Corporate dashboard puts you in control

Managers can now `slice and dice' to access micro-level detail, writes Charles Christian
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The Independent Online
Imagine going on a long journey by car without the benefit of any dashboard instruments. With no gauges to let you know what was happening under the bonnet, you would have no way of knowing oil pressure, water temperature, speed, the number of miles travelled or even if there was sufficient fuel left to reach your destination.

It sounds an appalling prospect, yet it is arguably how many UK companies still operate when it comes to converting accounting data into meaningful information and performance indicators that management can use as the basis for decision-making. The data is all there in the accounts department but, like the motorist without his instruments, management has no way of accessing it when they need it.

This problem was highlighted at a recent press conference by Richard Hawksworth, UK marketing manager of Hyperion Software (formerly IMRS plc, the company has a string of blue-chip commercial and industrial customers) when he unveiled the company's latest system development plans: "Traditionally financial software offerings have focused on the horizontal layers of the accounting and finance function, from individual ledger applications at the bottom to financial management at the top.

"However, organisations need to be both run and managed - they need timely, accurate and consistent access to the business-critical data at transaction level and the mission- critical information at summary level. In large, complex organisations there is often a hiatus between the delivery of accounting information and its use as a strategic decision-making resource. What is lacking is a solution that melds the two into a single flow."

Bearing in mind Hyperion has new software to sell and an aggressive agenda to pursue - it aims to become one of the world's top suppliers of client/ server accounts systems before the decade is out - it is tempting to dismiss these comments as just so much marketing hype. But Hyperion is not alone in expressing concern about the problems management faces in getting hold of useful information.

This view is echoed by Robert Hobbs, managing director of InPhase Software: "Raw data by itself is of no value to the business decision-maker unless one can turn it into information that can be viewed and analysed from any dimension. We are data rich but information poor."

Or, in other words, management is unable to see the wood for the trees.

What InPhase, Hyperion and a growing number of other software companies are proposing as a solution to such problems - a way of overcoming this hiatus between the delivery of accounting information and its use as a strategic decision-making resource - is wider use of a type of computer application known as the executive information system, or EIS (also known as MIS, or management information systems).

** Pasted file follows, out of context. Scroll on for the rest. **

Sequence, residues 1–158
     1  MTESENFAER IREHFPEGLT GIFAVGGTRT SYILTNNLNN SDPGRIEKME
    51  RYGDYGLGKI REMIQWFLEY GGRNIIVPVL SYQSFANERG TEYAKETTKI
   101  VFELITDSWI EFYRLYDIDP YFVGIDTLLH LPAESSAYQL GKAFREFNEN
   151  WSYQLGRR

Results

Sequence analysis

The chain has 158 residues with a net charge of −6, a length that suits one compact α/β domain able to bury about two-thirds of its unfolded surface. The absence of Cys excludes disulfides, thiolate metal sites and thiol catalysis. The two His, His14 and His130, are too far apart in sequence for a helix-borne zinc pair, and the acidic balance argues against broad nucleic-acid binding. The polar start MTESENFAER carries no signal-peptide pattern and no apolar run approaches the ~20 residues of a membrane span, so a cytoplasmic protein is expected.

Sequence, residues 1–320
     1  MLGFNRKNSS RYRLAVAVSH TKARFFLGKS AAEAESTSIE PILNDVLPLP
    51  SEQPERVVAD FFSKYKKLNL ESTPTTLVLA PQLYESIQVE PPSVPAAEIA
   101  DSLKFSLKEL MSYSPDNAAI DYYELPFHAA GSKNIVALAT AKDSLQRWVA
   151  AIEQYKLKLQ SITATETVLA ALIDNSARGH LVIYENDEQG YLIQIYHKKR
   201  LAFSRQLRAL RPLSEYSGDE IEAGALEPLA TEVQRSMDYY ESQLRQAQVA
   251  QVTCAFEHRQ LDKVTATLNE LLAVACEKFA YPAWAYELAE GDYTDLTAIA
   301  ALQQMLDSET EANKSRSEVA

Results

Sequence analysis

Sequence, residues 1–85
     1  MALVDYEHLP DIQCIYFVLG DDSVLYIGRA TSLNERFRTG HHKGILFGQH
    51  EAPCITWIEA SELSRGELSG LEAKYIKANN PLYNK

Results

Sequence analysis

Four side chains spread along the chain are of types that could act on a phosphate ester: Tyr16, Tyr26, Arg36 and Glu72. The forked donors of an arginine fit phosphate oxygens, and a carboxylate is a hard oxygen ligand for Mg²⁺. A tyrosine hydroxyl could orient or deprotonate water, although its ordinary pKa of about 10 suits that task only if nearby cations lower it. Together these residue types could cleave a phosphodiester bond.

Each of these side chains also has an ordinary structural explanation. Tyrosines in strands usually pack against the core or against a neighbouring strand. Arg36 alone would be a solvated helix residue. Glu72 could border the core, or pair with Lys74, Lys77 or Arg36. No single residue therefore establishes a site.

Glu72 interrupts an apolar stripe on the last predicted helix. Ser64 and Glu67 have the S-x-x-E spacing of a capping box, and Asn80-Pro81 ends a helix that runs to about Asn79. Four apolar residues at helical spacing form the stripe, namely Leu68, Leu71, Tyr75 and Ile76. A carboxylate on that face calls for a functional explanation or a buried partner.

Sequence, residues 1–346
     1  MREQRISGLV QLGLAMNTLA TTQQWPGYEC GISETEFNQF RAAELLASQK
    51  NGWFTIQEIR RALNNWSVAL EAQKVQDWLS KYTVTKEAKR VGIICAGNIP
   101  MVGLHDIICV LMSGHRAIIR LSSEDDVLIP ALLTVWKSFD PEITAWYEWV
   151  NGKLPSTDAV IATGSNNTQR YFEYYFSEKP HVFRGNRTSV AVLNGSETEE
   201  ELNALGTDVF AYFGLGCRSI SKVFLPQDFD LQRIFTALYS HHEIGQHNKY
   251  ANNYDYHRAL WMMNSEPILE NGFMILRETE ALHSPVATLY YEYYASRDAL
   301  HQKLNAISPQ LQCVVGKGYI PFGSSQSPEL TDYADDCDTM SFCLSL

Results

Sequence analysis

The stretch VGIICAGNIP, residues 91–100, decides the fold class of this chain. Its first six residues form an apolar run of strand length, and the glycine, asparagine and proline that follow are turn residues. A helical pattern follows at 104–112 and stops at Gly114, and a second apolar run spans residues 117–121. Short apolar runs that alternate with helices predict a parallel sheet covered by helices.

Although the concept is not new, the spread of increasingly sophisticated PC and Unix networks means today that not just large but also medium- to smaller-sized businesses can now seriously consider implementing EIS applications. Indeed, organisations that have gone down the EIS route in recent months include enterprises as diverse as National Savings and Lloyd's underwriting syndicates.

But what exactly is an EIS system? Probably the simplest explanation is to see it as a corporate dashboard - an analogy first coined by the computer industry analyst Robin Bloor.

Thus, instead of the traditional horizontal approach to financial and accounting software, with EIS management can "drill down" from a high level to see what is going on behind the scenes and uncover the trends underlying performance. Furthermore, once an EIS is set up, management can continue drilling down through data - the term used is "slice and dice"- to go from a macro overview to the micro detail level.

For example, in many organisations age debtor analysis is a key business indicator, so with an EIS system in your first "slice", you could drill down to view and compare the debt figures for all branches and departments, to see whether you had a general or localised problem. If one department did stand out, then you could drill down further, if necessary "slicing and dicing" to the point of identifying the individual customer, salesman or invoice where the problem lay.

Admittedly, this information has always been available in theory, but in practice management has usually faced delays while administrative staff either dug out the details or in some cases even had to have new software written to produce the reports.

By contrast, with EIS the people who need to know information can have it when they need to know it and be certain it is up to date. In fact, EIS routines can even be set up to run automatically and alert management when set performance criteria fail to meet preset targets.

In talking about the need to adopt a new approach to accounting and financial software design, Hyperion may be one of the first to recognise the importance of combining in one package EIS functionality with conventional horizontal ledgers - but it certainly won't be the last.

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